All of these points are in draft form at this time and are by no means the final wording of the changes foreseen. Approval of such raised vehicles will probably take two paths, which are somewhat connected.

First will be the "go/no-go" type of inspection will handle the majority of these vehicles and will go as per the document entitled "CCMTA Best Practice for Regulating Excessively-Raised Vehicles" dated December 2010.

This involves taking a single frame height reading mid-way between the axles. It should be noted that the CCMTA document suggested taking that dimension at the extremities of the frame, but it was felt that since these end sections often "kick-up" relative to the central portion of the frame rails, that was not a suitable measurement.

These proposed heights are as follows:

-28" for vehicles with GVW of 7501-10,000 lbs.
-26" for vehicles with GVW of 4501-7500 lbs.
-24" for vehicles with GVW of < 4500 lbs.
-22" for passenger cars

Body lift off the frame will be limited to 3" over stock height.
If the vehicles meet these criteria, they will be accepted as being in compliance.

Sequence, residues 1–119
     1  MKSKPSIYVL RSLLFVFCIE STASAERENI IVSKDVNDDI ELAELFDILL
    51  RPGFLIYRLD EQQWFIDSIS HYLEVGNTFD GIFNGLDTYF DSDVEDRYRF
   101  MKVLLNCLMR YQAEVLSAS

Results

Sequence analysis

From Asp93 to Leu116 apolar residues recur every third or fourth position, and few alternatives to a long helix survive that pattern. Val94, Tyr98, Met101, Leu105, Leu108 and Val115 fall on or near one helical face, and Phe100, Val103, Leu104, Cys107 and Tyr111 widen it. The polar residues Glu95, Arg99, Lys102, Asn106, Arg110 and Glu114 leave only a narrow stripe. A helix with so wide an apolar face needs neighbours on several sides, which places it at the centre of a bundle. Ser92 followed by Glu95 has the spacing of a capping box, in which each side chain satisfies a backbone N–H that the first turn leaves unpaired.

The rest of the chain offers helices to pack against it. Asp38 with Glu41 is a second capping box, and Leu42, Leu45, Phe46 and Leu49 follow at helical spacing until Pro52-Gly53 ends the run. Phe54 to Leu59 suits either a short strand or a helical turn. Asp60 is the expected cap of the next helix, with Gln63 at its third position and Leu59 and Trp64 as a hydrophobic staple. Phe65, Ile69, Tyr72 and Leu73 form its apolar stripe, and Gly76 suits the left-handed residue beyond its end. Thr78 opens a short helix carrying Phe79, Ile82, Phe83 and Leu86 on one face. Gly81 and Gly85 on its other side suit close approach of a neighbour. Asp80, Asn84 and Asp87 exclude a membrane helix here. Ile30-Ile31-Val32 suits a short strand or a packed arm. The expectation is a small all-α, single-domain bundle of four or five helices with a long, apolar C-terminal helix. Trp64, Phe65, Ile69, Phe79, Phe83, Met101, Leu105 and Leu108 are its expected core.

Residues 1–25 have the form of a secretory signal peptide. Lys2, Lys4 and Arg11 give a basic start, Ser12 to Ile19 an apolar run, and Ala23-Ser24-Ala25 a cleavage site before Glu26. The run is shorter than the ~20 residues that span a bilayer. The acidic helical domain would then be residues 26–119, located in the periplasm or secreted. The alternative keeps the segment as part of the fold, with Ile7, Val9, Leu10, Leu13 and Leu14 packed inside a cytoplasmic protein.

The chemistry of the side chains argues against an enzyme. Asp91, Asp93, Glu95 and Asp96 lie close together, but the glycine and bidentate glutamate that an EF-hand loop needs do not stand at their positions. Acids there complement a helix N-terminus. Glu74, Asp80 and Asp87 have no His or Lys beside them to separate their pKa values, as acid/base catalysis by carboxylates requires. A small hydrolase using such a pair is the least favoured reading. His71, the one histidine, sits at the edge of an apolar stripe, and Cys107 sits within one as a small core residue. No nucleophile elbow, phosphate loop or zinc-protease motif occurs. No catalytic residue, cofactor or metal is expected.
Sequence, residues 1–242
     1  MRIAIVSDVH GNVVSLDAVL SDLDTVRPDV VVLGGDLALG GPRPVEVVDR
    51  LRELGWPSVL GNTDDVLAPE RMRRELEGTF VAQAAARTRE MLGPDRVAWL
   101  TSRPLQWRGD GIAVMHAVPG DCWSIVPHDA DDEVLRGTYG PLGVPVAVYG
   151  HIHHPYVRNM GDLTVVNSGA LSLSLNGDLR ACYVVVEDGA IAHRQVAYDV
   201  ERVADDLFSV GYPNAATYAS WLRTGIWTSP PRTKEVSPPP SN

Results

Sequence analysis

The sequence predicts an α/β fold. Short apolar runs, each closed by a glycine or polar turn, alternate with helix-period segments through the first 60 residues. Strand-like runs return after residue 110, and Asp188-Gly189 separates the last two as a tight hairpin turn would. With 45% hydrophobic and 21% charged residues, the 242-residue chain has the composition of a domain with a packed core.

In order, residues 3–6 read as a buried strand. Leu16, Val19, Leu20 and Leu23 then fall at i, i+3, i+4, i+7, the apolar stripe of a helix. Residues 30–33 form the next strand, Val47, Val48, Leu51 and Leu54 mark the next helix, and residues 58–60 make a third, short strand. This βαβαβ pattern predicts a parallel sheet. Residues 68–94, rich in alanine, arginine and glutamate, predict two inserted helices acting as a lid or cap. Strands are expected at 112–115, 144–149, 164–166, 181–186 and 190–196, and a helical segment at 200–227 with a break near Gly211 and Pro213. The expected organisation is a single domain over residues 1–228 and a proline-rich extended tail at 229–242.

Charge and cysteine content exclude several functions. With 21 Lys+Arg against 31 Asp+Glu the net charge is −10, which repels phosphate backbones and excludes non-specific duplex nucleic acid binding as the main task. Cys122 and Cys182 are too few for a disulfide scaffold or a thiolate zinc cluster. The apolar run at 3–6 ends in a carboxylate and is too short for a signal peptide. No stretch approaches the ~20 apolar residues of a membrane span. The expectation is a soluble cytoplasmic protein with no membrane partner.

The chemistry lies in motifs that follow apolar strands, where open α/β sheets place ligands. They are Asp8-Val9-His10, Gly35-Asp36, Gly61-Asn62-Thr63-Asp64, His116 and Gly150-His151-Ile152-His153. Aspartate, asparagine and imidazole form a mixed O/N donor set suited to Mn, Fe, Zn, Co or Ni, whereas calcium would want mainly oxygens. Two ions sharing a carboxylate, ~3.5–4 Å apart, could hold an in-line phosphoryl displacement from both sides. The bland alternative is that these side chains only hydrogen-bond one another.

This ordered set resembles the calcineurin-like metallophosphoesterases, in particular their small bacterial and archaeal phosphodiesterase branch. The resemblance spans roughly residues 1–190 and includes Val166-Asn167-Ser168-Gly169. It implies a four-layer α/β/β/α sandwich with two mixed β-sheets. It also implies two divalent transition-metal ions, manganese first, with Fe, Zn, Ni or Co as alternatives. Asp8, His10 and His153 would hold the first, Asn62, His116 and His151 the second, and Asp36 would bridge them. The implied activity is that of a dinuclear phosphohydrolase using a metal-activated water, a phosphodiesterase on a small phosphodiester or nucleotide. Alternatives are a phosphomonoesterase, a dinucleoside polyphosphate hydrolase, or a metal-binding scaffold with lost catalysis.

It is assumed that the lift kits installed are pre-engineered from reputable manufacturers.
Also, the normal MVI checks such as the requirement for fender flares on wide tires and suitable u-joint/tie rod angle tolerances would be applied.

The second path comes into play if the vehicle exceeds the limits in the go/no-go analysis. The vehicle may be eligible for certification, but it would require an engineer's assessment and certification.
What that engineering assessment will (or should) contain is by no means clear at this point and requires further study and drafting of suitable guidelines. This is especially true in the area of roll-over stability and braking performance.

It should be noted here that there was little consensus in the submissions received on this discussion paper according to the feedback from the Registry.

As a final point, if you have not read the CCMTA paper and wish to do so, I can scan it and send it to you by e-mail.

Antique Vehicle Discussion Paper:

As you are aware, there was a discussion paper released on the subject of Antique Automobiles and feedback was requested for May 13, 2011.

There was only limited discussion on this topic at the May 31 meeting at the Registry of Motor Vehicles. It was not a topic for that meeting and only limited comments were made after the main meeting was over.

Recently, I have asked the Registry staff if there is a face-to face meeting planned on this topic, but I have not as yet received a reply to those questions.